Squeaky floorboards, creaking rusty hinges of a door and the hair-raising sense of an alien presence in a dark house set the tone for today's spooky movies. But how did early movie viewers react when sound first came to the screen?
During a brief period between 1927 to a few months after the release of Dracula in 1931, audiences saw talking movies for the first time.
The public's response to the coupling of images and sound—and the beginning of the horror film genre—are the focus of Case Western Reserve University author Robert Spadoni's forthcoming book in September, Uncanny Bodies: The Coming of Sound Film and the Origins of the Horror Genre (University of California Press).
Today's audiences might look at the old horror films with a "condescending" attitude that the movies lack sophistication, but Spadoni argues that for the time and place in which the movies were made, they were a new and startling experience for those audiences.
Like any new cinema technology, sound had an impact on its audience, said Spadoni.
Uncanny Bodies goes back to that time and place to piece together the evidence from film archives and critics' reviews about this era and its reception of early talkies. The book then examines two icons of early horror—Dracula and Frankenstein.
Spadoni, assistant professor of English and film at Case Western Reserve, draws the title of his book from an essay by Sigmund Freud on the psychology of situations where the living appear dead and the dead alive, such as the mannequin in the store window that suddenly moves or the passenger next to a traveler who has quietly died during the trip. Freud describes the point of realization that the dead are alive and the living dead as uncanny.
Cinema audience had much the same feeling when sound came to the screen.
Spadoni reports that moviegoers found the people on the big screen "ghostly" and "unreal."
All the artificial qualities of early film contributed to the ghostliness, from the hollow, tinny quality of voices produced by early sound technology to the black and white film that made people appear gray.
Comments from some film critics described the actors as "talking shadows."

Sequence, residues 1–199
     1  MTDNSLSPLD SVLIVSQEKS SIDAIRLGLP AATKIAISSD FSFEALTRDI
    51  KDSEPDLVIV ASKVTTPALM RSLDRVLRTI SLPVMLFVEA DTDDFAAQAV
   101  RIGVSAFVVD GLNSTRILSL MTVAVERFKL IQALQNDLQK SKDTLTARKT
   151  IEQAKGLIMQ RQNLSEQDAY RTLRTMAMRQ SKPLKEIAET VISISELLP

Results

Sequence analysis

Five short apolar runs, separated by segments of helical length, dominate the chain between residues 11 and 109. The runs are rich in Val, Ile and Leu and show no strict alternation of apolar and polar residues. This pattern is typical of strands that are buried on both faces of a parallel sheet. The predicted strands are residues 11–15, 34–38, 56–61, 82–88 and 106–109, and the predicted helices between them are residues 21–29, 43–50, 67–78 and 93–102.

The early technical difficulties heightened the uncanny sensations as the audience saw "gray" and "ghostlike" images of people moving across a large flat larger-than-life screen, emitting sounds that resembled not people but "hollow, wavering waiflike voices," said Spadoni. "The combination produced this ghostliness that the public found in the movies."
Later, with Dracula, when the novelty of sound had started to wear off and the voices didn't sound so strange anymore, Spadoni argues that the character played by Bela Lugosi mixes the qualities of deadness in his whitish makeup and by living in a coffin and with his strange Hungarian accent.
Spadoni said Universal Studio "re-estranged" sound film through certain strategies that recreated those qualities that audiences found in the early sound movies.
"Dracula was able to tap the "emotional memories" of all these people who had seen early sound films. They were ripe—primed—to sit down and really be impressed by this kind of figure that Bela Lugosi played," said Spadoni.
Frankenstein's release later in the same year as Dracula would spook its audiences to the point where people were so frightened and disturbed that they got up and left the theater, said Spadoni. Other early horror films of this time were The Mummy, which harkened back to the silent era with its lack of sound, and White Zombie.
Today, people find Dracula funny because our standards of scariness have evolved with new technologies introduced into the sound and images of the cinema, explained Spadoni.
He added that "What persists over time in the horror genre is its relationship to new cinema technology. Sound provided filmmakers with new means to jolt and scare audiences. We see this sort of thing happening repeatedly throughout the history of the genre, when, for example, color and 3D are introduced later in the sound era."
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